“OGA Director of Regulation, Tom Wheeler, said: “We knew that very low level seismic events deep underground were entirely possible during fracturing operations and this is what has been happening recently at Preston New Road.”

I have underlined the word caution as the OGA infographic clearly states that “injection proceeds with caution” if a seismic event of magnitude 0.0 ML or higher is recorded and that the “operator must suspend injection” in a response to a seismic event of magnitude 0.5 ML or higher. Several recent events have been well in excess of the limits for caution and the event which registered 1.1 ML has been registered as felt on the British Geological Survey (BGS) database.

The description of seismic magnitude 0.5 ML as the limit for caution is a clear shift in the position of OGA and appears to contradict all previously supplied information. Obvious questions also arise, If OGA fully expected the levels of seismicity observed at Preston New Road, why was this information not shared with the public prior to operations commencing and, why does the traffic light system still show 0.0 ML as the upper limit for normal operations?

The upper limit of 0.5 ML was set to guard against a worst case post-injection magnitude increase of 1.0 magnitude units. Although the recent events at PNR could be taken as evidence that the traffic light system is working, it is clear that, when compared with pre-operational statements, hydraulic fracturing operations are not proceeding as expected. If operations are proceeding in line with expectations, the information provided to the public in relation to induced seismicity was incorrect. It appears that both statements cannot be true and I would be grateful if you could explain which is correct.

The stance taken by the operator and OGA is that seismic activity is at a level which cannot be felt at the surface and that it would be too low to cause any damage. These statements somewhat miss the point of setting limits. Where an operating limit has been set, there is a quite reasonable public expectation that operators will comply with these limits (in this case 0.0 ML for normal operations) and that the role of the regulator is to ensure that they do comply. However, regulators typically adopt a risk based approach to regulation and often take no action against a non-compliance where the potential level of harm is judged to be minor. In applying such a risk based approach, the regulator is placed in a position of having to defend its decision and from the public’s perception, could be accused of defending the operator. When the operator subsequently demands a relaxation of the agreed seismic limits and the regulator appears to be shifting its position in relation to the traffic light system, the perceived collusion appears to have some basis.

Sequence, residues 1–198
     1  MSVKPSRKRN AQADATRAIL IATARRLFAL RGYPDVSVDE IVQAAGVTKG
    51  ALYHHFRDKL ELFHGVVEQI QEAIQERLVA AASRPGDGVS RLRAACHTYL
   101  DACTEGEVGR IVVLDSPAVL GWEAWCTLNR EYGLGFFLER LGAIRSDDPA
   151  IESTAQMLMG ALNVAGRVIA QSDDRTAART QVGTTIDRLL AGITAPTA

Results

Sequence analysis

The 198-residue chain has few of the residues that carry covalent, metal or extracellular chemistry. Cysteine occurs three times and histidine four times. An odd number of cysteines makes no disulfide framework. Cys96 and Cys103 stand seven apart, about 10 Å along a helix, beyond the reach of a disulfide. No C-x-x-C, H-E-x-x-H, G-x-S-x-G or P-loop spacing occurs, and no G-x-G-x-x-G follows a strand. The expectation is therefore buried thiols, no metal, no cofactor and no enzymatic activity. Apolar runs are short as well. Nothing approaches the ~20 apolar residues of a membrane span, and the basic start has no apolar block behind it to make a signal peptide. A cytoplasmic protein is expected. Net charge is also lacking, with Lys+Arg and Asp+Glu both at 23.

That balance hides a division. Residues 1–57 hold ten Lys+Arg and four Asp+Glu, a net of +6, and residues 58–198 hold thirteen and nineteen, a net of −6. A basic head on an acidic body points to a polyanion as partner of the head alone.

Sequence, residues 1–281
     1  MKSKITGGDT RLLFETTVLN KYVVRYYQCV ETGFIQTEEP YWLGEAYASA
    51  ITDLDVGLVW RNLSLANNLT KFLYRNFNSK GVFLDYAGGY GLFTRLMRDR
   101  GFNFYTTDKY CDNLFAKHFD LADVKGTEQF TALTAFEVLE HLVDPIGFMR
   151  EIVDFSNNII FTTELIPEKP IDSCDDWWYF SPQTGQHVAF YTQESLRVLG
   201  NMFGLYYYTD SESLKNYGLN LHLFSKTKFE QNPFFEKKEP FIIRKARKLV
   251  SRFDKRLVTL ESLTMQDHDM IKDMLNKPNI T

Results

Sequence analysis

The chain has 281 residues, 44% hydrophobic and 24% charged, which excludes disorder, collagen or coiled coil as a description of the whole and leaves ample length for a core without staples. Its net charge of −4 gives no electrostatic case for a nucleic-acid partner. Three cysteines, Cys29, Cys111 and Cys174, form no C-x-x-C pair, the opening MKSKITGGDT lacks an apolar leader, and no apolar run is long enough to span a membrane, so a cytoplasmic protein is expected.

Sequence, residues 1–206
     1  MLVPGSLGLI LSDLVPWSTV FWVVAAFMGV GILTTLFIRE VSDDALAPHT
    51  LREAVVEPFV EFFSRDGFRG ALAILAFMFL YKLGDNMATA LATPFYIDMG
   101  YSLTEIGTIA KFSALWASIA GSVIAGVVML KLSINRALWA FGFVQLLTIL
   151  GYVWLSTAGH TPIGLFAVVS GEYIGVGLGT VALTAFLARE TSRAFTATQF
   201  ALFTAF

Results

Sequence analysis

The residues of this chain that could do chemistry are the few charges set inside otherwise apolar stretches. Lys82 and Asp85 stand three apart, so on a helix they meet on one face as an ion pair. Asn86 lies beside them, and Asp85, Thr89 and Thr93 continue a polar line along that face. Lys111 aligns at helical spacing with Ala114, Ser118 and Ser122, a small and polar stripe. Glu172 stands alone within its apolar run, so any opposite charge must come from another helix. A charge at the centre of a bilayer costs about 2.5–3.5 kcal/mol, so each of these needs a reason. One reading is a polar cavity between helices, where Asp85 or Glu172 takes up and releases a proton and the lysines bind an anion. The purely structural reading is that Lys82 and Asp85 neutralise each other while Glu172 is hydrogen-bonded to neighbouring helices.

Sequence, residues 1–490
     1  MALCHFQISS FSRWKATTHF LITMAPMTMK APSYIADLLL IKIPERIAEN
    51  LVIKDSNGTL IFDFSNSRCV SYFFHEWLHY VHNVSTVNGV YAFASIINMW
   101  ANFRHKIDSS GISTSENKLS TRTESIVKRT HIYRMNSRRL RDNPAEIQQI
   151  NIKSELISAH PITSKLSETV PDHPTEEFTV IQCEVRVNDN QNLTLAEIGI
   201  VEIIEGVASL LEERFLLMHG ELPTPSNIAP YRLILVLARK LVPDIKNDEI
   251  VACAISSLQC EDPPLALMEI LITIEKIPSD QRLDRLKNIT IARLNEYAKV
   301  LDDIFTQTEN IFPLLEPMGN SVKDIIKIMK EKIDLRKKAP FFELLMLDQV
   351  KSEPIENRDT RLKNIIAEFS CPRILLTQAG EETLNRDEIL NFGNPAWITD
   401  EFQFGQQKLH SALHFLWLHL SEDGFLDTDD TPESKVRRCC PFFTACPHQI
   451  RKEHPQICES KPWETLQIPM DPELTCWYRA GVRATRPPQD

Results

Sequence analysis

I have recently raised similar concerns with the EA who, along with Cuadrilla, described several breaches of Environmental and Hazardous Waste Regulations as “minor non-compliances”. While I can accept that the consequences or potential consequences of these breaches were of minor environmental impact, the operator was clearly guilty of offences under the relevant regulations. It is for the regulator to decide whether any action should be taken against the suspected offence but this action and the reasoning behind the decision should be distinct from the offence. Describing such offences as minor non-compliances trivialises the actions of the operator and in many ways is similar to the stance adopted by OGA in response to seismic events at Preston New Road. The adoption of a common language by the regulator and the operator in describing the seismic events at Preston New Road does little to inspire confidence in the independence of the regulator and I would strongly urge OGA to review its current position.

As I was about to send this email, a further earth tremor of magnitude 0.7 ML has been reported by BGS (04/11/18 at 16:24). Given that this event falls outside the 18 hr post fracturing monitoring period, please could you explain how this event or trailing event fits with the hydraulic fracturing plan for Preston New Road.

I would be grateful if you would forward this letter to Natascha Engel, Commissioner for Shale Gas, as she remains uncontactable via email.